Obama-Keyes: on War & Peace


Alan Keyes: Needed greater effort to bring in others to Iraq

Q: What would you say has been the greatest blunder of the Iraq war?

A: There could have been a greater effort, over the beginning of our efforts there, to bring in others. I would have brought others in on the political side of the equation, to help deal with the business of putting together an Iraqi government. That could still be done. But, it's absolutely imperative that we keep the security dimensions of the Iraqi war under the control of the US, so that we can make sure that Iraq does not become a base for terrorist activity, that we are able to make sure a government does not come to power that will aid and abet terrorism, that we are able to do what's necessary to prevent weapons of mass destruction from falling into the hands of terrorists. Those national security goals are the proper goals of our effort, and we ought to be looking to the Iraqi people and to the international community to help deal with the political dimensions of establishing a stable government there.

Source: IL Senate Debate Oct 26, 2004

Alan Keyes: War on Terror requires both intelligence and discretion

With respect to these tons of explosives, it's still not clear what the chain of possession was, and whether or not it was after the US took possession that we lost track of these explosives. All Americans are gonna look at the larger picture of whether or not we have taken steps that have effectively stopped Saddam from delivering weapons of mass destruction to terrorists. The probability of that is zero. Whether we have in fact established a base that allows us effectively to recruit the kind of intelligence that we need to deal with this situation in Iran, in Syria, and elsewhere, whether we have discouraged other terrorist-sponsoring states from continuing with their activities that could result in death for Americans, the kind of things we are doing in Iraq and in Afghanistan are only part of the effort we must make against terror, which is to carry the war to the terrorists themselves. That is part of the effort that does require both intelligence and discretion, and it is going forward.
Source: IL Senate Debate Oct 26, 2004

Barack Obama: Saddam did not own and was not providing WMD to terrorists

It's simply not true that Saddam was providing weapons of mass destruction to terrorists. This incursion into Iraq has resulted in a situation in which terrorist recruits are up. It's been acknowledged, now, by the Pentagon, that the insurgents active in Iraq are far higher. Terrorist attacks worldwide are the highest in 20 years. The notion that somehow we're less vulnerable in the US as a consequence of spending 200 billion dollars and sacrificing thousands of lives is simply not borne out by the facts
Source: IL Senate Debate Oct 26, 2004

Barack Obama: Initial military was extraordinarily successful in Iraq

Q: What has been the biggest success in Iraq?

A: The initial military was extraordinarily successful in moving into Iraq, and it exceeded all expectations, even those of us who expected the military to be successful were stunned and impressed by how efficient our military and our brave fighting forces were in executing it. But missing 380 tons of explosives being used on roadside bombs is an enormous error, particularly when the Bush administration had been warned by the Atomic Energy Commission. Keyes has suggested that somehow I'm načve to question how we've gone about this war in Iraq. It strikes me that the Bush administration has been načve throughout. It was načve to think that we'd be greeted as liberators in Iraq. It's been načve in thinking that somehow this would actually diminish recruitment for terrorism. In fact, it's accelerated it. It's been načve with respect to how difficult it's gonna be to secure the peace, and our troops and our taxpayers are suffering from those errors.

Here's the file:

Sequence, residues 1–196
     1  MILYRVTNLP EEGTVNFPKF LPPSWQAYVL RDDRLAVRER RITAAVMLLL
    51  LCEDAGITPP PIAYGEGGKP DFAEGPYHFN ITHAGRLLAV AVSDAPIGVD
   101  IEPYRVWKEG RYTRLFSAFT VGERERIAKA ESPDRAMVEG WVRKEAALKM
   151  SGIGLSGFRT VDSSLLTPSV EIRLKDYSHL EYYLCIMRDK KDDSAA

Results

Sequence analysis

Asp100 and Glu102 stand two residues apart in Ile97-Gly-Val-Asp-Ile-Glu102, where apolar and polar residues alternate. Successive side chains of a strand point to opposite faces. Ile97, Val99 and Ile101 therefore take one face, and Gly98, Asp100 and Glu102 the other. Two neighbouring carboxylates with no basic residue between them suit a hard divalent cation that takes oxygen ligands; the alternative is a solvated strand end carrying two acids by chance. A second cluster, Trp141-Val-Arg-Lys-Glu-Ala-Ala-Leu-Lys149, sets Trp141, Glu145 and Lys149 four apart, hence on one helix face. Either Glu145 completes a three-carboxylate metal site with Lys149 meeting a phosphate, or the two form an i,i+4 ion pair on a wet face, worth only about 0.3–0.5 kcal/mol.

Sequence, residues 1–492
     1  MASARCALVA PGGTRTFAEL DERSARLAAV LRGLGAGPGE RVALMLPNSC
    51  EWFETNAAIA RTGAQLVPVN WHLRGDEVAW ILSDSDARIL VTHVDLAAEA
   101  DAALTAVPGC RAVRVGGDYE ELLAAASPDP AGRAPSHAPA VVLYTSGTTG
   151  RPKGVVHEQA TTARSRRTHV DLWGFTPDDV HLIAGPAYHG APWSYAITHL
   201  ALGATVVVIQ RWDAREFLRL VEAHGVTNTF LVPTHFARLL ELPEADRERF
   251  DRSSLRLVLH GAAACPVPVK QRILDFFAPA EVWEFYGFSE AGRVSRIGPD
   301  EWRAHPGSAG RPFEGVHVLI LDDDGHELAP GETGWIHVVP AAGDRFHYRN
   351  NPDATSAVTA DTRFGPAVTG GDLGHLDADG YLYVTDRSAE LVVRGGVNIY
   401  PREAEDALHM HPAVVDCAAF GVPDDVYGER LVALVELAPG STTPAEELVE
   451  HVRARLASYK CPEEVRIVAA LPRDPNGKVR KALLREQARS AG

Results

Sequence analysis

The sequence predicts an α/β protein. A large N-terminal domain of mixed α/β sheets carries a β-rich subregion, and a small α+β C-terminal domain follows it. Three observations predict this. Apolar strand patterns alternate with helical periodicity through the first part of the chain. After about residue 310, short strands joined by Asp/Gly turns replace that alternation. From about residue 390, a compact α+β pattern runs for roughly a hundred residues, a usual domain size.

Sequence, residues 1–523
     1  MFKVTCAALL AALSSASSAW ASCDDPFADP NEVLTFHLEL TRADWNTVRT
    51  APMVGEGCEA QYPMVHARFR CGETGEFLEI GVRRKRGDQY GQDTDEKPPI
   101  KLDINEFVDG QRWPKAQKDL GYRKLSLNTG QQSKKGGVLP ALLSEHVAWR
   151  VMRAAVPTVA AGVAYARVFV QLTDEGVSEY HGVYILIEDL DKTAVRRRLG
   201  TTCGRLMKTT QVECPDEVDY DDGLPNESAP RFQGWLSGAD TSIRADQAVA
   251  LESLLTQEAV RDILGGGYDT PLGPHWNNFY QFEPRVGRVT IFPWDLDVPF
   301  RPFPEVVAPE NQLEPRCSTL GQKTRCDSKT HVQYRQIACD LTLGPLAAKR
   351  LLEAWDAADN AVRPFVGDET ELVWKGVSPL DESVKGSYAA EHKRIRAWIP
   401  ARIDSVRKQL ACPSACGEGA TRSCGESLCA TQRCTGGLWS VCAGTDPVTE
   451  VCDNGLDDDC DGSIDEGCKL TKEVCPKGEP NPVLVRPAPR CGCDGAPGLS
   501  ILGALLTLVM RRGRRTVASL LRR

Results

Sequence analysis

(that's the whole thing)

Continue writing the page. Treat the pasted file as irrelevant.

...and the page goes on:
Source: IL Senate Debate Oct 26, 2004

Alan Keyes: Troops should stay in Iraq until they get the job done

Q: How long should US armed forces stay in Iraq, and how should we get them out?

A: They stay there until they get the job done. Kerry is preoccupied with an exit strategy, but if you get into a battle and the only thing you're thinking about is how to get out, I think we have a word for you-and it's not very complimentary. We are engaged in a war against terror that was started by the terrorists, that claimed the lives of thousands of Americans, that involves a global infrastructure of insidious individuals. We have seen the work they do against innocent lives in the most bestial fashion possible. To fight that war, it is not sufficient to have rhetoric, it is not sufficient to react after the fact. You have got to preemptively move against their bases, against their sources of supply, against their training camps, against the states the provide them with safe haven and infrastructure. If you do not, then they will simply prepare for further attacks.

Source: IL Senate Debate, Illinois Radio Network Oct 12, 2004

Alan Keyes: Preemptive strike in Iraq is a right decision

In a world where we have WMD, it's not good enough to say that, "If there's a 50% chance that they could use them, I will act"-once one such attack succeeds, we could end up losing tens of thousands or hundreds of thousands of people. Bush has done the correct thing. He moved preemptively in Afghanistan, he moved preemptively in Iraq to make sure the American people will not again suffer even worse damage from this kind of insidious attack. We ought to stay there until our national security purposes are served. We ought to understand the national security objective is different than the political objective. It is up to the people of Iraq, and we can work with other countries, internationally, to help them establish a regime that will be more respectful of human rights, that will never again become a base for terror or involved in the infrastructure of terror. But our main objective in which we have to act, whether we have cooperation or not, is to defend the security and lives of our people.
Source: IL Senate Debate, Illinois Radio Network Oct 12, 2004

Alan Keyes: There is no distinction between Afghanistan and Iraq

Q: Isn't there a distinction between Afghanistan and Iraq and our military incursions into both places?

A: There is not. One of the problems with folks who haven't really had much experience in dealing with terror is that they don't understand that we are in fact faced with a global infrastructure. Saddam was providing, for instance, payments to the families of suicide bombers who were moving against the Israelis. Bin Laden made it very clear he was doing so on behalf of, he said, the Palestinians and their cause. All of this suggests is the reality that we are not dealing with discrete elements here. We are dealing with a single war that has a front in Afghanistan, a front in Iraq that has a covert series of fronts that we don't hear much about, but in which our people are presumably going after the cadre of terror, that has a financial front & other fronts. To deal with this as if we're dealing with discrete little episodes is to show that you have no real understanding of the danger that we face.